Monday, July 7, 2008

Sunil Bharti Mittal: The Unsung Hero of the Telecom Sector.

The Unsung Hero of the Telecom Sector.

The son of a politician, Sunil Mittal is from the town of Ludhiana in Punjab. He has built the Bharti group, along with two siblings, into India's largest mobile phone operator in just ten years. The UK based telecommunication giant, Vodafone and Singapore's SingTel both own stakes in the recently renamed flagship company Bharti Airtel. The group also has partnerships with Axa for insurance and with the Rothschild family for exporting fruits and vegetables.

He has been Chairman & Managing Director of Bharti Group since October 2001.

Entrepreneurial Ventures

Residing in Delhi, he is married, with three children. A first generation entrepreneur, he started his first business in 1976 at the age of 18, with a capital investment of Rs 20,000 (U$1500) borrowed from his father. His first business was to make crankshafts for local bicycle manufacturers.

In 1980 he sold his bicycle parts and yarn factories and moved to Mumbai.

In 1982 he became the exclusive dealer for Suzuki Motors's portable electric-power generators imported from Japan. The importing of telecom equipment were banned by the Indian Government as ITI (Indian Telecom Industry ) monopoly practices & sole OEM for Department of Telecommunication.[citation needed]

He established the first company to manufacture push button telephones in India. He was one of the first Indian entrepreneurs to identify the mobile telecom business as a major growth area and launched services in the city of Delhi and the National Capital Region in the year 1995.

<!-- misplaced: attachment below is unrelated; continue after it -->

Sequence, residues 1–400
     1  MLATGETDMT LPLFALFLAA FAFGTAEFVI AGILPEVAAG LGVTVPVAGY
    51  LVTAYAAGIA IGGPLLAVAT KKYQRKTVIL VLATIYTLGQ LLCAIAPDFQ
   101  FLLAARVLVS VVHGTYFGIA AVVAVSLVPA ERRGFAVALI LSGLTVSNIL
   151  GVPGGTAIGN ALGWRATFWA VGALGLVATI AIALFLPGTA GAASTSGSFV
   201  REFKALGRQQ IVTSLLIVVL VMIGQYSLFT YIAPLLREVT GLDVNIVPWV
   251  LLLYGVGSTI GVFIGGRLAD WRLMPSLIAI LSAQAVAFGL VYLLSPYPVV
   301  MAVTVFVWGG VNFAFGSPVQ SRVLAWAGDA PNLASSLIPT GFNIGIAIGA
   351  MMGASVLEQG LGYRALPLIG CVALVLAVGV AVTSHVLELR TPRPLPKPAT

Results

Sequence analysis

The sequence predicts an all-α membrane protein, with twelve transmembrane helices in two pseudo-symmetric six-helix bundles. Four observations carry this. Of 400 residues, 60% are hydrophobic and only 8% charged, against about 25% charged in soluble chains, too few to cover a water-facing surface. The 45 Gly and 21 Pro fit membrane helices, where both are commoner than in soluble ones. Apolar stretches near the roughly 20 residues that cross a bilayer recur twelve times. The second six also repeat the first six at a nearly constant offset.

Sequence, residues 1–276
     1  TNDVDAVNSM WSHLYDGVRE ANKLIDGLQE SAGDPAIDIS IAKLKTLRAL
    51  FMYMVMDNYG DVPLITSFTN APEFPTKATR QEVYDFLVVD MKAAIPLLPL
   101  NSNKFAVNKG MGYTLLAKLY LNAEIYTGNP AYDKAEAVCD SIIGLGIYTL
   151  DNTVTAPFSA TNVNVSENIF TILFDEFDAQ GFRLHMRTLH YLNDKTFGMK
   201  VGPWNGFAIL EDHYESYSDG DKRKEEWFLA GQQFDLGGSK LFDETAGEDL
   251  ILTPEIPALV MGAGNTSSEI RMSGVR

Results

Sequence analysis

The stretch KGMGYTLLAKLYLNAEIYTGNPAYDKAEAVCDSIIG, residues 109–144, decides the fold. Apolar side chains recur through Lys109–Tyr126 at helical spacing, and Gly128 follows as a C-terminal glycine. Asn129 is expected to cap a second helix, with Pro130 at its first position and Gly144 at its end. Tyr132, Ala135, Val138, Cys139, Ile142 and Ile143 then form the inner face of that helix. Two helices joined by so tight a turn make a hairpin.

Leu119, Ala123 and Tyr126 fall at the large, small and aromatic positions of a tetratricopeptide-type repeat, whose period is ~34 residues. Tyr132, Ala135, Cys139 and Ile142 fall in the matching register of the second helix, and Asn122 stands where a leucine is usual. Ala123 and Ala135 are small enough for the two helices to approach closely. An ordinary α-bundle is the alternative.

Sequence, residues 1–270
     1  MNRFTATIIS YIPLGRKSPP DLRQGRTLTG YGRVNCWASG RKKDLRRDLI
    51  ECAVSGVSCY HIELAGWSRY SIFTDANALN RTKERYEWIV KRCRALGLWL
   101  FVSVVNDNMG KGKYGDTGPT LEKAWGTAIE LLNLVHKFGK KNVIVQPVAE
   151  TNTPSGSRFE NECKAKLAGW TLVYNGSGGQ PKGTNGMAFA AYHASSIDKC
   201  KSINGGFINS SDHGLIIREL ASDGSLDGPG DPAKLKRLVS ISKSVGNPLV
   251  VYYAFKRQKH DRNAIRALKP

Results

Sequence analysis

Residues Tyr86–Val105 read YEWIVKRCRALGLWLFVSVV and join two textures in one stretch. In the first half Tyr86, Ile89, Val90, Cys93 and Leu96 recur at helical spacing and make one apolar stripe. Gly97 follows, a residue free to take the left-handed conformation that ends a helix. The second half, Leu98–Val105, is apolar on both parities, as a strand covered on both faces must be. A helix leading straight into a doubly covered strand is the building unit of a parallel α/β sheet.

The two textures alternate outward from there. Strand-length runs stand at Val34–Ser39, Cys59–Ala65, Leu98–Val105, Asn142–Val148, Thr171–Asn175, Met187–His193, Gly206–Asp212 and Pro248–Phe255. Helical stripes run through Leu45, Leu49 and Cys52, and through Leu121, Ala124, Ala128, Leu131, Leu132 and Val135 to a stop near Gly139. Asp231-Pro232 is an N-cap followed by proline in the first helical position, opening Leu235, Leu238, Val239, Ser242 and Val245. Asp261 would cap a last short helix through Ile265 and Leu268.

Tie-Up with Wal-Mart

In November 2006, he struck a joint venture deal with Wal-Mart, the US retail giant, to start a number of retail stores across India.

In July 2006, he attracted many key executives from Reliance ADAG, NIS Sparta and created Bharti Comtel.

How does he relax? "I used to play golf before, now sometimes I play tennis. But I thrive on my work. For me, work is love, not stress. But I won't say there's no stress. As you come to the top of the pyramid, the intensity of competition, of jealousy, is high."

What about his family? "I have a daughter who's 17 and twin sons who are 13. I don't get to spend much time with the family. Everybody has a job to do and I think I was ordained to do what I'm doing. My family is supportive, however. Whenever I'm with them I try to spend some quality time. We have an occasional holiday. First generation entrepreneurs always have this problem."

Is the business environment in India changing to enable operations with integrity? Replies Mittal: "I've walked the corridors of power and there's a big positive change, which is very palpable at the higher level, since licensing has mostly been dismantled. At the lower levels, however, things are quite the same. But once change starts from the top there is some impact downwards..."

1 comment:

krishna said...

Whenever I hear and read stories of our great real life heroes, it really inspires me a lot. I had ideas of buying used telecom equipment, recycle and sell it to third world countries, Hope i succeed in my endeavor